“When we came up with the name lean production, what we meant was the complete system,” Dr. Womack said. “What the world heard was factories. But the frontier has been outside of the factory world for the last 20 years.”
Whichever term one uses, the goal is to improve the production process, said Rachna Shah, a professor at the Carlson School of Management at the University of Minnesota.
Producing less waste is quickly becoming a priority for events worldwide
The meetings industry has a huge environmental impact – from the millions of miles delegates have flown to attend events to the reams of paper squeezed into bulging delegate bags and the kilowatts of energy used to light exhibitions and displays around the world.
Now green culture is taking hold and event stakeholders are thinking carefully about environmental impacts, becoming keen to show their sustainability credentials.
Olivia Galun, member services manager of the UK-based International Association of Professional Congress Organisers (IAPCO), has noticed increased awareness of the importance of sustainability in meetings and events around the world from clients, organizers and the various stakeholders involved.
Interested in more stories like this? Subscribe to Skift’s Meetings Innovation Report to stay up-to-date on the future of business events.
“There is more of a focus on the long-term impact of a meeting and the throwaway mentality is now being challenged,” she said.
Ian Cummings, vice president of EMEA for CWT Meetings & Events, is among those who see the trend towards sustainable meetings and events as much more than a passing fad. “It has certainly been growing every year as a key buying factor,” he said, noting that some clients go as far as ensuring their events comply with the ISO 20121 sustainable event standards.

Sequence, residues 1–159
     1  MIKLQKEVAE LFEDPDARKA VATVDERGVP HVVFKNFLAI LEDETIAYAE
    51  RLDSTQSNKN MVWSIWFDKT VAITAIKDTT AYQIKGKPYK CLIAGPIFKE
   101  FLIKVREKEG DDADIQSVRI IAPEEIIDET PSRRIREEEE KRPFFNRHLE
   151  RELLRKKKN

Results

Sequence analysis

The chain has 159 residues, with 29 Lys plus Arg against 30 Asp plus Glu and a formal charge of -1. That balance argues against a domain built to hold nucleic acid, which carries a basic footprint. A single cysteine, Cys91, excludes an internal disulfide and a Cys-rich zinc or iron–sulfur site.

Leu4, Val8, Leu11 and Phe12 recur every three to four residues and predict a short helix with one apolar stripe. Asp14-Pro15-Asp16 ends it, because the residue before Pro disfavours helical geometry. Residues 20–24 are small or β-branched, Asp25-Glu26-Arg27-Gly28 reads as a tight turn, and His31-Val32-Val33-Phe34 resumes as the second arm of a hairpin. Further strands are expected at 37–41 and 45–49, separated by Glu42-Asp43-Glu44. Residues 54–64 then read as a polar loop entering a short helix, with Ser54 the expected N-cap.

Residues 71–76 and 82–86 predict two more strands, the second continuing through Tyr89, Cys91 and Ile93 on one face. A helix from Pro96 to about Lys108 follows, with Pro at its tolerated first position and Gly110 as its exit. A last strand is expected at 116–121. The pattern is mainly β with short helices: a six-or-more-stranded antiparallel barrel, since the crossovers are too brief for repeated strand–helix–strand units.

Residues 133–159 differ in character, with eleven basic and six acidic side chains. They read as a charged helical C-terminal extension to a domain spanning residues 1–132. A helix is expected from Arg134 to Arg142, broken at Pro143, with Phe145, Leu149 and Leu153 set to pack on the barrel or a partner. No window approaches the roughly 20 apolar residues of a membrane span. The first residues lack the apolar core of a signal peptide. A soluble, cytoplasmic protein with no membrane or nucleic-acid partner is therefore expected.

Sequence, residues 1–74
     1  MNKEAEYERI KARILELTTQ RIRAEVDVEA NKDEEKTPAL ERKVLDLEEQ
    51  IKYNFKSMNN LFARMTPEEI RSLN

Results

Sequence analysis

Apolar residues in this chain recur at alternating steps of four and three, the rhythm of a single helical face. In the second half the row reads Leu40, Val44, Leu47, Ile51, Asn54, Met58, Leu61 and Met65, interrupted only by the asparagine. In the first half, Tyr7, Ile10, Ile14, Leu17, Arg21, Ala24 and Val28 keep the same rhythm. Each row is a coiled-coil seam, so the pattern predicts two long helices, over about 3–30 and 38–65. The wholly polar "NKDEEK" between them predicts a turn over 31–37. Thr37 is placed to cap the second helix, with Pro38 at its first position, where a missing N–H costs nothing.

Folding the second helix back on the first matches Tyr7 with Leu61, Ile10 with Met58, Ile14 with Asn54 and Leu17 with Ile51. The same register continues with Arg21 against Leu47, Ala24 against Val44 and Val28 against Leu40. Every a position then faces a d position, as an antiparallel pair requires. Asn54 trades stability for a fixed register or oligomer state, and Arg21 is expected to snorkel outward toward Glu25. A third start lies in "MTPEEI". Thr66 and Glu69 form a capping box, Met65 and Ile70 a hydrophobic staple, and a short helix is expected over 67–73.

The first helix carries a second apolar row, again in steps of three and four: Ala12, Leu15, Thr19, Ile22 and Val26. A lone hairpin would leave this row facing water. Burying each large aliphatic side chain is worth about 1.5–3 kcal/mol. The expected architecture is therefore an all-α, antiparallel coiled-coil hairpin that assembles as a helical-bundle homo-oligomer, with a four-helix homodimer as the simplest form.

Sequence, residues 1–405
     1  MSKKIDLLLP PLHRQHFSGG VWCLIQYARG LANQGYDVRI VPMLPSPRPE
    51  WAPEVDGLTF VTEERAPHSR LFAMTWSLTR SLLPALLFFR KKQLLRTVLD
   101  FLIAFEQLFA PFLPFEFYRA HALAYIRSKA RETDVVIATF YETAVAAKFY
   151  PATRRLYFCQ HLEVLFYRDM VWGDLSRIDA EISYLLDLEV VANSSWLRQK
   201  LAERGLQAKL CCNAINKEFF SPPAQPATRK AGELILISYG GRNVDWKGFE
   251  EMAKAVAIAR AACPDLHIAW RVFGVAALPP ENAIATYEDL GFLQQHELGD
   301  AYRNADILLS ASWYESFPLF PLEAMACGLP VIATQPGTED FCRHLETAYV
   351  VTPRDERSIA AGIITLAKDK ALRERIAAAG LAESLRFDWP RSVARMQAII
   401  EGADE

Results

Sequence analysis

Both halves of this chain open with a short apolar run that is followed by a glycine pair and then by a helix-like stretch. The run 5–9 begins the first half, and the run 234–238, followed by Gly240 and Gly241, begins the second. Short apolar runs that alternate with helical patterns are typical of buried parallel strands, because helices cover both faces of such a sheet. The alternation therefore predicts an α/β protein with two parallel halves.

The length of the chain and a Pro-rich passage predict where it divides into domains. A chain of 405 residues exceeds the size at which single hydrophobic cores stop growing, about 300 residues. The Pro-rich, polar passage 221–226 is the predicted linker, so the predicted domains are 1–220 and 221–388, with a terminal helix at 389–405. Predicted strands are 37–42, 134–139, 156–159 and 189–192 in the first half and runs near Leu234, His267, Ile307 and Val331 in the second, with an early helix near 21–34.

Clients who have a strong company culture based on sustainability require it as part of any event, and this can influence the venues, activities, and even menus selected as a part of the event, according to Rose Squitieri-Strickland, senior project manager at BCD Meetings & Events.
The stakes are even higher when staging events for younger delegates. “Millennials and Gen Z care deeply about issues of sustainability and CSR (corporate social responsibility), and if you’re building an event that resonates with them, it’s important to factor this in,” she said.
A holistic approach is needed
Insiders stress the importance of a holistic approach to sustainability, looking to “green” all stages of sourcing, organizing, planning, and executing events.
Mindy Hanzlik, senior solution designer at BCD Meetings & Events, is seeing the green approach starting at the sourcing phase. Companies looking for low carbon footprint impacts are choosing venues close to their audiences to minimize flight miles, and may even look to add carbon-offset to their overall flight budget.
“Hotels are being asked about their green initiatives and green programs prior to selection,” she explained.
Venues are actively promoting their environmental certifications and awards to win business. The Melbourne Convention and Exhibition Centre (MCEC) in Australia’s second-largest city is a good example, boasting that it is the first convention center in the world to be awarded a 6-Star Green Star environmental rating. Leighton Wood, chief operating officer, said the center has reduced its energy consumption by 30 percent over the past two years through a number of measures, from replacing over 600 light fittings with energy-efficient alternatives to eliminating the use of all plastic water bottles in catering.
IAPCO’s Galun sees companies including sustainability suggestions within their proposals and creating their own environmental policies, as well as encouraging local venues and suppliers to become more eco-friendly.
At a tactical level, there is also a strong move to paperless events, avoiding the use of printed material at every stage – from invitations to event apps which keep attendees informed about the program and share presentations.
Event planners are commonly avoiding single-use plastics and promoting recycling in everything from ID cards to reusable dinnerware.
On the catering front, Hanzlik is seeing a more sustainable approach to menus, with a strong move towards a farm-to-table approach.
CWT advises organizers to ensure minimum wastage by getting headcounts and choices correct, with Cummings adding that “no-one likes throwing away a lot of food when it can be easily avoided”.
A broad view of the impact of artificial intelligence on remanufacturing